2. "Civil War and American Culture:" This session will feature four presentations addressing the questions of how popular culture reflects history as well as how to preserve family artifacts. Specific topics and the humanities scholars who will present are:• "Depiction of Civil War Women in Popular 20th Century Fiction" by Cecilie Flo, SIUE History master's degree student• "Preserving the Past: Public History and Museums" by Professor Laura Fowler(History), SIUE• "Preserving Family Records" by Dr. Amanda Bahr-Evola (History), SIUE Archivist• "Abraham Lincoln Presidential Library" by Carol Manning, Educaton Coordinator, Abraham Lincoln Presidential Museum and Library.
3. "Southwestern Illinois in the Civil War:" This session will connect the region to the larger milieu of the Civil War. It will demonstrate the value of local history and introduce the audience to the larger questions of Civil War causation, context, and consequence. The specific topics are:• "African-American Civil War Soldiers from Illinois" by Dr. Victoria Harrison (History), SIUE• "Elijah Lovejoy" by Mark Neels (History), Lindenwood College and SIU doctoral student• "Confederate POW's and the Alton Prison" by Dr. Mike Whaley (History), Lindenwood College• The Disloyal: Gratiot Prison" by Louis Gerteis (History), UMSL• "The Battle of Shiloh and One Illinois Family" by Professor Jon Hunt (EdAdmin), SIUE.
4. "What Every Teacher Needs to Know About the Civil War:" This session will feature a roundtable discussion led by humanities scholars and area teachers. It is designed to help elementary and secondary school teachers better understand the contribution of history to their student's education and to offer the teachers resources to help them strengthen their teaching. The roundtable participants include: Professor Jason Stacy, SIUE History Department, Professor Rowena McClinton, SIUE History Department, Professor Caroline Pryor, SIUE Curriculum and Instruction Department, and Mr. Jeff Welker Roxana High School. Specific topics will include:• The Home Front: North and South• The Powerful Interest: Free and Enslaved African Americans• The Social Rending: Southern and Northern Society during the War• Disabled Men and Abled Women: Challenges to Gender Norms during the War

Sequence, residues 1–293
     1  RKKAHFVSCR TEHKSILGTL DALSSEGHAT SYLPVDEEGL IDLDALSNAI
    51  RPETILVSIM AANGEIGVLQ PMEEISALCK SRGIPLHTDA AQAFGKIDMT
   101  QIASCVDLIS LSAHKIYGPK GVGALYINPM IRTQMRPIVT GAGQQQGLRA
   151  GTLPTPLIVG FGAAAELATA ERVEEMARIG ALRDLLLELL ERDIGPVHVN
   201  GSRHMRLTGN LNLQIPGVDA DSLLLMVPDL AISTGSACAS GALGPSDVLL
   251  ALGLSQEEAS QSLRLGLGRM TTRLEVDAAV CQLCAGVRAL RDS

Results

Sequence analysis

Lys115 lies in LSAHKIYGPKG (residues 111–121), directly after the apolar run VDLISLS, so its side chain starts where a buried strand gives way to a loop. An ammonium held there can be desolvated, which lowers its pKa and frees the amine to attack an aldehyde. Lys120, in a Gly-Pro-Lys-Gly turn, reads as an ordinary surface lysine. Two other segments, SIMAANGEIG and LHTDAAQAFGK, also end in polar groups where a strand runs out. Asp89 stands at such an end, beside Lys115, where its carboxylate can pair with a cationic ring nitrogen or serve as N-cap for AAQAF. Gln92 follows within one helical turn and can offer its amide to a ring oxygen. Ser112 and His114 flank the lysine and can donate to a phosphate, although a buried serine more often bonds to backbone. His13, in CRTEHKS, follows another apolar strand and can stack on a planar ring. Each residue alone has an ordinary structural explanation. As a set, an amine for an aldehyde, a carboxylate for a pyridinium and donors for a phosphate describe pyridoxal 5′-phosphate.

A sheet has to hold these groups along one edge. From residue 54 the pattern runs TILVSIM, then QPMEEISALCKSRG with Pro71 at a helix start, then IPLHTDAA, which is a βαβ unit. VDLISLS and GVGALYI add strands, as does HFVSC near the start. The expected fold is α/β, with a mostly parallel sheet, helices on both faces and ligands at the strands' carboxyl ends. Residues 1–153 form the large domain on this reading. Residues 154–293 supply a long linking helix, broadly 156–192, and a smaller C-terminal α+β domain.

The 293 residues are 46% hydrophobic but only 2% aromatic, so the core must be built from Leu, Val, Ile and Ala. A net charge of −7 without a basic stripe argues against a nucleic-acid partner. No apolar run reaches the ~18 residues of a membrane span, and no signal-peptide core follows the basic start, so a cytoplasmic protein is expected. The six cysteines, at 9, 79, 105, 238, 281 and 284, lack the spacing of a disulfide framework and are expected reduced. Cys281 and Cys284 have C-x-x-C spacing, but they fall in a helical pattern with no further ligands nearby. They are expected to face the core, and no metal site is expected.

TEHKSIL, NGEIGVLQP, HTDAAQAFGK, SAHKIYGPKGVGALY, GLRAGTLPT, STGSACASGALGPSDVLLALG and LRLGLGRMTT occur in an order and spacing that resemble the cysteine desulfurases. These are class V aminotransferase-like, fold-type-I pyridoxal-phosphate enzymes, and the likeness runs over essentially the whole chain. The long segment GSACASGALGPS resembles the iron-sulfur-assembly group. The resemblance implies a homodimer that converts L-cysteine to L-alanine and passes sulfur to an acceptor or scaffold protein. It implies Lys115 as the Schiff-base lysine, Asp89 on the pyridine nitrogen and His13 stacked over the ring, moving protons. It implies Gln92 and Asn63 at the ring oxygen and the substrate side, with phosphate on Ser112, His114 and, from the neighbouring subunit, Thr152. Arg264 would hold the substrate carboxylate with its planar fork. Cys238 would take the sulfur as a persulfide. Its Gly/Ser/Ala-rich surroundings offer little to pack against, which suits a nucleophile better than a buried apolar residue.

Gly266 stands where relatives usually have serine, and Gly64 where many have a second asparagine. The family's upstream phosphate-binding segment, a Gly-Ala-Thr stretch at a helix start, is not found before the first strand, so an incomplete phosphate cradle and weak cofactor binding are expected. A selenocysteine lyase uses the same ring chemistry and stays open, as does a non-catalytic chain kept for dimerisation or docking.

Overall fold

On April 20th, Ken Burns, noted producer and director, will speak at the SIUE campus on the Civil War. His speech will be open to the public, although there will be a fee for tickets. His talk will demonstrate to the public the significance of the Civil War to American history as well as the importance of the humanities for understanding the nature of our society.
We will sponsor a non-fiction and a poetry contest for area high school students using the theme of the Civil War. Cash prizes of will be awarded for first, second, and third places in each category. The essays and the poetry will be judged by a panel of SIUE faculty and graduate students. Over 65 area high schools will be contacted inviting their students to submit. The Friends of SIUE Lovejoy Library will host a dinner on April 27th for the winners, their parents, and teachers. This activity will help engage young students and their parents in the humanities for understanding the Civil War.